Why do my mind get so loud upon watching 13 Reasons Why?

There was a time when you feel like a tiny space that you were in was your whole world.

There was a time when you thought that the people you surrounded yourself with represented the whole population of human on earth.

There was a time when you thought that people have never walked in your shoes while the fact was the shoes that you wore were not big enough for them to put their feet into.  

There was a time when everything started to feel better. Looking back, you never know whether the world has changed into a better place or you have changed into a better individual. 

I have just finished watching 13 Reasons Why, which depicts a death of a high school student named Hannah, and I can’t keep my mind shut as the series leave a profound effect on me. So I feel the urge to write this post.

My highschool life was way behind (damn, almost 7 years), it was difficult but nothing compared to Hannah’s. At that time, my mother took me to see a psychologist a couple of times which I was actually quite ashamed at that time that I told people I saw a doctor. My mother was knowledgeable enough to realize that there must be something wrong when I felt so anxious and lost sleep at night (seriously, I was so afraid to go to sleep because I thought I wouldn’t be able to wake up again and I had no idea why I thought that way). Thankfully, she knew how to handle that issue very well and thought that asking a help from a psychologist is as normal as consulting about your health to a doctor.

Reflecting to my experience of asking help, I find it so heartwrenching that Hannah did not get a chance for a professional help by the time she needed it the most. Her parents were not even aware of the issue as she acted normal at home as if nothing’s wrong with her school life. Or I assume Hannah acted normal because she did not want her parents to be worried as their family-run store was broke. But keeping a problem to ourself always has always taken its own toll.

The second thing in this movie that bothered me was how Hannah was corrupted by her friends (they don’t even deserve to be called friends, by the way). Some people do walk into one’s life just to ruin it and to leave a massive void. It saddened me that the only time Hannah met someone who was keen to affectionally touch her was when she got so traumatic with human touch. This point leads me to my third point.

At first I thought that Hannah was just too overly dramatic, until I watched an episode when someone invaded her personal area without her consent. Then I began to understand why she felt wasted and did what she did. I believe it would be difficult to confront the perpetrator in such situation because they can be manipulative at times. In a society where the victims are often blamed, it’s also a bit terrifying for the victims to admit of such bad things have occured to them. I know this is only a series but I can’t help to wonder if this terrible thing is still happening in the States, a country where sex education is a part of curriculum, can the situation be worse in a country which doesn’t provide sex education at schools, such as Indonesia?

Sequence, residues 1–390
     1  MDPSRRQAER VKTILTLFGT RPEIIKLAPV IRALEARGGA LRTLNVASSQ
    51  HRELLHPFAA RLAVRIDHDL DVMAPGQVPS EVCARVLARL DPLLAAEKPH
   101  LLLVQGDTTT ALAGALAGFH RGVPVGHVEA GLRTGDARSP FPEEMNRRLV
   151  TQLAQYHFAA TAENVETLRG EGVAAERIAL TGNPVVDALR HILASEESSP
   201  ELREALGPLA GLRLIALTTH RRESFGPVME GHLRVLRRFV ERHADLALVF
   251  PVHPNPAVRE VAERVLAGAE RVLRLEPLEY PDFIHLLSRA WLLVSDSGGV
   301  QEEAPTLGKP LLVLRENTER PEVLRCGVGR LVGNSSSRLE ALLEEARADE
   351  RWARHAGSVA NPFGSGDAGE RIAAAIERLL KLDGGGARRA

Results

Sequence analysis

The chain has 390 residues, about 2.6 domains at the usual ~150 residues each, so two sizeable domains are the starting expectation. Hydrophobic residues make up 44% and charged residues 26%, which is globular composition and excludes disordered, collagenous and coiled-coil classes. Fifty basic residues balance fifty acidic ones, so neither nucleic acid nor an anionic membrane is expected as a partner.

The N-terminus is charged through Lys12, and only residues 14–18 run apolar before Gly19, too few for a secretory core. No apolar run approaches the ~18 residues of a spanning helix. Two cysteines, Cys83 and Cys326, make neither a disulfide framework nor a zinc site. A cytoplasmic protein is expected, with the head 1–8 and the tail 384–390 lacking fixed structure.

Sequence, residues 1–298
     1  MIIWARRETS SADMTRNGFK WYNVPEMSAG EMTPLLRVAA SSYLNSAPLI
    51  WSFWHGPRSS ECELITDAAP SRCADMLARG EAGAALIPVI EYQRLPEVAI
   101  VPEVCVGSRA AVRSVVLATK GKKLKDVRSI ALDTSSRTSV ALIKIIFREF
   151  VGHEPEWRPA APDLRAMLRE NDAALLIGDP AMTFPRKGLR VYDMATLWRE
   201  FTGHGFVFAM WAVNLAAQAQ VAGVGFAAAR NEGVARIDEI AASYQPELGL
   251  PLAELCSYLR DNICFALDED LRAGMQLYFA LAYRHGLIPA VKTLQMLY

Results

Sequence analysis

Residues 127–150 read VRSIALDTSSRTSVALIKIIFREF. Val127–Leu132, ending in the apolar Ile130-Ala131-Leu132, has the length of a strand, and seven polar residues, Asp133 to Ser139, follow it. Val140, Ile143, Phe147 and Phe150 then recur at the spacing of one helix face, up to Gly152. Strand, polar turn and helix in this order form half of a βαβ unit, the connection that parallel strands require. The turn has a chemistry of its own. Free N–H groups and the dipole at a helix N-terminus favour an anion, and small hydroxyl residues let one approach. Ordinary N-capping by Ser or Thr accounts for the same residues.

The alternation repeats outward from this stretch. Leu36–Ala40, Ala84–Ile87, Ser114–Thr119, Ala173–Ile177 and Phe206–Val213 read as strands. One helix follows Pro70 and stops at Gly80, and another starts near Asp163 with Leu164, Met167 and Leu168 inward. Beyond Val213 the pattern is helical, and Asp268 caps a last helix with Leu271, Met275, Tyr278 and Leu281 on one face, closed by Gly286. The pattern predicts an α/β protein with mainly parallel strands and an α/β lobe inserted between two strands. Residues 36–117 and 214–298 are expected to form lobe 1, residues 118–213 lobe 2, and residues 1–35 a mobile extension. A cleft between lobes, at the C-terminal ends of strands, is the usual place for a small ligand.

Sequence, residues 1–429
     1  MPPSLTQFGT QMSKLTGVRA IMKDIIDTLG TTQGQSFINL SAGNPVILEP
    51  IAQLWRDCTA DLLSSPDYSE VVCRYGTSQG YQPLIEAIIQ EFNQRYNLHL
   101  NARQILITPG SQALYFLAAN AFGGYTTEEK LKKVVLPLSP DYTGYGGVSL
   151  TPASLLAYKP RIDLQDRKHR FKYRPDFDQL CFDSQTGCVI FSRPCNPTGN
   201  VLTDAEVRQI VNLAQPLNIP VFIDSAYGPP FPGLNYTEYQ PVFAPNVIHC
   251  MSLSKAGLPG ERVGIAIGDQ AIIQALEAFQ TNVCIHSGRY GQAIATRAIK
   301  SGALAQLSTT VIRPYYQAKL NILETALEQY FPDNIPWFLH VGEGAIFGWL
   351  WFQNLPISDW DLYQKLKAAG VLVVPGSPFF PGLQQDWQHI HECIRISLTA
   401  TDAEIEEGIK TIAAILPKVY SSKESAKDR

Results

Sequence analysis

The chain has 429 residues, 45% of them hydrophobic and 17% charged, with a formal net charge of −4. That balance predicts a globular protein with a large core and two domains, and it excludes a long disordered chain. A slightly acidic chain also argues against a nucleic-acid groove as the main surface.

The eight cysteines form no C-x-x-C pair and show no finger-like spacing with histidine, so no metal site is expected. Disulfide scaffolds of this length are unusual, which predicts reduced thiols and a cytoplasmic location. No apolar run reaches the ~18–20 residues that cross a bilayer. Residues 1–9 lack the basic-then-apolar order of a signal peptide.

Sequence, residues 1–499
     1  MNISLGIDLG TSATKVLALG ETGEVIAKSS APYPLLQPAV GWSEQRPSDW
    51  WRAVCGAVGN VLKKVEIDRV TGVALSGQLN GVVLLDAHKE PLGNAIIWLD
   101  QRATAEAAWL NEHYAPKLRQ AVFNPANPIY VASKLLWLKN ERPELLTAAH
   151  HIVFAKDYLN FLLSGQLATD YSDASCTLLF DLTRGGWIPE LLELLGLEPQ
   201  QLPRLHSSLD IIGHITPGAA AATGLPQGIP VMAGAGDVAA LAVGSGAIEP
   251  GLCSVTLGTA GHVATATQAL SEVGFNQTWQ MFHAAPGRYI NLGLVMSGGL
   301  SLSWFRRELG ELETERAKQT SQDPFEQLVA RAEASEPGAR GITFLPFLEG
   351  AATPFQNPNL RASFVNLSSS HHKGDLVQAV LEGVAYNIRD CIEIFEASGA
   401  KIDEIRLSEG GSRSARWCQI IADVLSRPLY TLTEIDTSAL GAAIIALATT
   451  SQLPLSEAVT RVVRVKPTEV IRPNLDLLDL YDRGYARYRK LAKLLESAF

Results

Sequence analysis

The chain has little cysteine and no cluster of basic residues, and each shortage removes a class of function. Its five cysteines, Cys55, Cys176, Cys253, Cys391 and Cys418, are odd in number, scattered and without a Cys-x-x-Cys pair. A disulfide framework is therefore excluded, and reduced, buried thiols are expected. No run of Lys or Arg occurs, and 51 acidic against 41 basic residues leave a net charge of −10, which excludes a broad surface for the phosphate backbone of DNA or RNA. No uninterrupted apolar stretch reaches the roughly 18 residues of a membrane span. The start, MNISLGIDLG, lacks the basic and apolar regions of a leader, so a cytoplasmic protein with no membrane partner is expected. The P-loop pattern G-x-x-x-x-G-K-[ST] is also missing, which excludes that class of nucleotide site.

I know that sex is considered a taboo here. But like it or not, people do it and we need to do something to address any issues that entail. Some people might argue that it’s a huge sin, but so does corruption. We don’t want corruption nor “free sex” (I don’t really like this term actually, but that’s how people say it) to happen, but they do happen out there and we need to do something.  If we can teach anti corruption at school, why can’t we teach sex education? Because it’s not about encouraging young people to have sex but to make them aware about consent, safety, and consequences of having sex.

Lastly, I don’t have younger siblings. But if I have one who is still in high school, I want to let him or her know that the world is so vast. Hold on and in no time you will find a space that is big enough to fit who you really are. And you always have a choice by the way, say it outloud, and make sure you make the best possible choice because it doesn’t only affect your life but also those of around you.

A Gift from Saigon

The plane that I am on began to descend from an altitude. I started to see what were waiting down there, a densely populated town packed with four or five-storey residential building,  a different type of residential building than what I used to see back home. The sheer excitement of being in a new place for the first time took me over as the plane touched down. It has been quite a while since I felt this way. I have grown too familiar with all aspects of my life in Jakarta and an escape is all that I need.


Ho Chi Minh City, also known as Saigon, was a town I knew nothing about, apart from what I see in Miss Saigon which does not represent the city in any way. But here I was in Saigon on my birthday after made a quite impulsive plan to visit the capital of Vietnam. As a person who loves to plan things out, hardly do I travel without a thorough planning of what to visit and to see. But being a bit spontaneous was not that bad at all. Having a mundane routine in the past two years has made me yearning to live an unpredictable life.


Saigon resembles Jakarta in a way that it is not a city for everyone. Some people might find it too intimidating, while some other enjoy the city so much. I fall into the category of people who enjoy it too much. Although the multitude of motorbikes made crossing streets felt like a near-death experience, walking in the downtown of Saigon was an interesting experience. There were so many interesting things to see, from locals selling beautiful-looking baguette to old french-influenced buildings scattered in the district 1 of Saigon. It was all chaotic, in the most beautiful way.